Review: Happy Hours: LGBT Voices from the Bars
Story collectors: S. Renee Bess and Lee Lynch
Our Happy Hours: LGBT Voices from the Gay Bars was born out the of tragedy of the Pulse Night Club Massacre in Orlando, Florida. The story collectors, S. Renée Bess and Lee Lynch, were moved, enraged, frightened, emboldened with all the possible opposing emotions such an event can arouse. Memories of what the gay bar has meant throughout LGBT history and the part it played in bringing us together as a culture were reawakened and they knew that our bar stories had to be told. So, they sent out the call. This book is the result.
When I first sat down with the intention of reviewing this book, I made a plan of how to go about it. It’s an anthology so I couldn’t speak of character development or author voice or even theme and there were too many pieces to discuss them all in one review. I decided the best way to approach this task was to read each piece and put a check mark on the first page of the ones I found truly wonderful. These would be the ones I would single out to talk about. As I approached the end of my task I looked back over my work and realized I had checked every piece. My method was definitely not working.
The short stories, memoirs and poems in this volume are all exceptional. Not a clinker in the bunch. The editors or the cooler term ‘story collectors’ as they prefer to be called did a fantastic job and there is something in this book for everyone. Some writers remember the bars in the sixties; others remember them in the late 1990s or even the early 2000s. There are lesbians, gay men, Drag Queens, Drag Kings, Transgendered folks; there are brown people, white people (although no one can truly be said to be white.) and immigrants. There’s even one piece that delves into magical realism.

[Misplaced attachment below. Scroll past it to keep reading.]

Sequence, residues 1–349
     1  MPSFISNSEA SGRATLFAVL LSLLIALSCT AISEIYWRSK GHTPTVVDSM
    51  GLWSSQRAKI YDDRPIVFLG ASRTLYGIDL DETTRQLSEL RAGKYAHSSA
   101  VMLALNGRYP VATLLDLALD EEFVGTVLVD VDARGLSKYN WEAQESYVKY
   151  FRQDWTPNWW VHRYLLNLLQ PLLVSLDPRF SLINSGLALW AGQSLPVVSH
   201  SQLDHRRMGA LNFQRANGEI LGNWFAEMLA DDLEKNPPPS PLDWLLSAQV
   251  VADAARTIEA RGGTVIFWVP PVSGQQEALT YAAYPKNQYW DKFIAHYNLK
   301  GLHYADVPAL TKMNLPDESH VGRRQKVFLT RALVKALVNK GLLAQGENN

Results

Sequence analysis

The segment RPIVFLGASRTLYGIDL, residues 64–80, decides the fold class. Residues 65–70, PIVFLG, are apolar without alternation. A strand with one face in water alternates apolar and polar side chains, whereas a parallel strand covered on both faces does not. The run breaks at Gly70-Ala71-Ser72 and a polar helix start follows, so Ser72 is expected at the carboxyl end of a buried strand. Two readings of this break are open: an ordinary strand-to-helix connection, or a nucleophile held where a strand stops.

This collection is filled with joy, sadness, nostalgia and longing. Some pieces are funny; others are sad. And some are both. Many wonder authors what we’ve gained and lost with the new freedoms of today. And more than one reflects and mourns about the violence at Pulse.
I was reading Happy Hourswhile I was rolling a ball back and forth with my left foot. Physical therapy. The young African American intern who was helping me, noticed the colorful cover and asked about the book. I explained that is was an anthology of LGBT stories and gave some examples. He took a picture of the cover, so he could purchase the book later. He told me he commuted by train to his job in the city and he thought having a book of short pieces was a great idea. Now, he could actually finish a piece or two without having to stop in the middle when he arrived at his destination.